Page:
The number of visitors increased greatly after the Second World War. To-day
the island has a permanent population of 600 and a visitor population of
3,500 in the summer months.
Developments catering for the visitor included a sea-water indoor swimming
pool and a miniature golf course as well as the ferry terminal.
4. Modern development and planning
The eastern half of Baltrum is part of the national park “Niedersächsisches
Wattenmeer”. This enables protection of the dunes, the saltmarsh, the beach
and the tidal flats. The national park is intended to preserve and protect
the special character of the nature and landscape of the dune and saltmarsh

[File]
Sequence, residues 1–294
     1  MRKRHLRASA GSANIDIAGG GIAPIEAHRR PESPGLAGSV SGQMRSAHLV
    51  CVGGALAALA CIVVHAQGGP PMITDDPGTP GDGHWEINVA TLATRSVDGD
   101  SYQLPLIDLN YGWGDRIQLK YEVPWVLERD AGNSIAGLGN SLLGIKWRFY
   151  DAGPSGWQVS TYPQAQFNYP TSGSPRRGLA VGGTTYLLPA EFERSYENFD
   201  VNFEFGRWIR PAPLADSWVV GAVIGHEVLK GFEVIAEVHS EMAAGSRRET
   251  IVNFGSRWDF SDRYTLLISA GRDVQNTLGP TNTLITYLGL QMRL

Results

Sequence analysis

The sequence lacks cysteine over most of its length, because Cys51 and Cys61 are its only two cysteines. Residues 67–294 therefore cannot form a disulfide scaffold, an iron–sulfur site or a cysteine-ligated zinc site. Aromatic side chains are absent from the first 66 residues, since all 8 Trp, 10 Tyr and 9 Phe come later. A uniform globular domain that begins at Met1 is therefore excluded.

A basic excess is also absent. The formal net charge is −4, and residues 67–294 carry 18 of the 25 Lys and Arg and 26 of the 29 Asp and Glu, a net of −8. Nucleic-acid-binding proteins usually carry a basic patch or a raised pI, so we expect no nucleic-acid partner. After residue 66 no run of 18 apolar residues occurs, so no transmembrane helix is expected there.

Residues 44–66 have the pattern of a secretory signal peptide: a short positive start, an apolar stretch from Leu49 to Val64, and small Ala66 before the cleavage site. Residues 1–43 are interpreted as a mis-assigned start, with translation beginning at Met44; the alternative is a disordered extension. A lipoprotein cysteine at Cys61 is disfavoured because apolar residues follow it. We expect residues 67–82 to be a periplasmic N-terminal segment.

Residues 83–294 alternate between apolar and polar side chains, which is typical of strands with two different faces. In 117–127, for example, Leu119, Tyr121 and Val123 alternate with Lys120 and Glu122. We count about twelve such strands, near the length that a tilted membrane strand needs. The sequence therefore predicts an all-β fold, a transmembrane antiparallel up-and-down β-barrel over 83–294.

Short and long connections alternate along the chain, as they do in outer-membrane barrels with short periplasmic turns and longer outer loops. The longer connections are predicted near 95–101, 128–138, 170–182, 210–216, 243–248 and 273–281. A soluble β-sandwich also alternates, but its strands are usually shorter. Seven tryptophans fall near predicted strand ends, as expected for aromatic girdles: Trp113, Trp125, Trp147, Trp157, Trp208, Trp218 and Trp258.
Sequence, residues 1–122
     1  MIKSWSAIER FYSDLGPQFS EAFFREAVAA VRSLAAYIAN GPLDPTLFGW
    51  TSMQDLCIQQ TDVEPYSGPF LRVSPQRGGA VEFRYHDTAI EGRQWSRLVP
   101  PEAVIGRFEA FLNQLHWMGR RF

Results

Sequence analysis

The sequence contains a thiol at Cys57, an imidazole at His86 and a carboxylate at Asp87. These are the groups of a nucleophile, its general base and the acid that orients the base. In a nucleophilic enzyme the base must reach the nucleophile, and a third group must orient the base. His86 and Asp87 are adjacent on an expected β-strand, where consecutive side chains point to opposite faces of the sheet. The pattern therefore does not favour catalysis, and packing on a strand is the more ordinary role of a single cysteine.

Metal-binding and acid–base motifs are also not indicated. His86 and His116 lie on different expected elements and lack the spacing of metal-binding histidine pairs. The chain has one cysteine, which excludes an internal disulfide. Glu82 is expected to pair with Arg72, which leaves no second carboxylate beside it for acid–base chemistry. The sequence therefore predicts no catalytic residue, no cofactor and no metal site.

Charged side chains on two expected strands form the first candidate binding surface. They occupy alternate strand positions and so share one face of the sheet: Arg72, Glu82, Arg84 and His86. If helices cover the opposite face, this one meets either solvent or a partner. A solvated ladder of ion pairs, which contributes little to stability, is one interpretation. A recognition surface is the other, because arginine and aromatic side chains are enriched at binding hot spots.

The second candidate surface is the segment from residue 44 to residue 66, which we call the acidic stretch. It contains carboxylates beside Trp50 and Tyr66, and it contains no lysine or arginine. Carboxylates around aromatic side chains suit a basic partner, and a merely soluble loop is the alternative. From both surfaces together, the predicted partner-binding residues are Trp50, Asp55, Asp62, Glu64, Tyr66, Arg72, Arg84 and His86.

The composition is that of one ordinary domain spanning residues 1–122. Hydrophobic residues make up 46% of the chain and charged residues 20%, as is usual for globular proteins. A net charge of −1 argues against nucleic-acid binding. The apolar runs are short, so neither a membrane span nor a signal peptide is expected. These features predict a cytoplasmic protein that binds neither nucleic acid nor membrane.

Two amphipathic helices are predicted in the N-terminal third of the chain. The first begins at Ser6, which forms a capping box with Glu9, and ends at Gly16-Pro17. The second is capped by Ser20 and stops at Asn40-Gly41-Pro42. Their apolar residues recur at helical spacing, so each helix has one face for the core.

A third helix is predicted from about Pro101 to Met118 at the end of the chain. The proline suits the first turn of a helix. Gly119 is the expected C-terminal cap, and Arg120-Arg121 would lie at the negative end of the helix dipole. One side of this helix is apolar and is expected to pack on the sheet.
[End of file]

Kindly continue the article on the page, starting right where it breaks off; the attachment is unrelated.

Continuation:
region, including the typical appearance of the landscape. By this means the
course of the natural processes is supposed to be ensured and the biological
diversity is to be preserved.
4.1 Land use
The economy of the island was traditionally orientated towards the sea:
fishing and maritime trade. However, the economic structures of the island
are now dominated by tourism.
4.2 Settlement development
The settlement on the island is architecturally a resort settlement,
comprising a mixture of older resort buildings and more modern structures.
Red-brick and red tiled roves predominate. The tallest buildings are
4-storey. The settlement is concentrated in the western half of the island
in the villages of Westdorf and Ostdorf. There is very little in the way of
buildings on the remainder of the island.
4.3 Industry and energy
Traditionally the transport connection to Baltrum is by ferry from
Norddeich-Mole, near the German city of Norden. The status of the island as
part of the National park has affected all kinds of traffic on the island,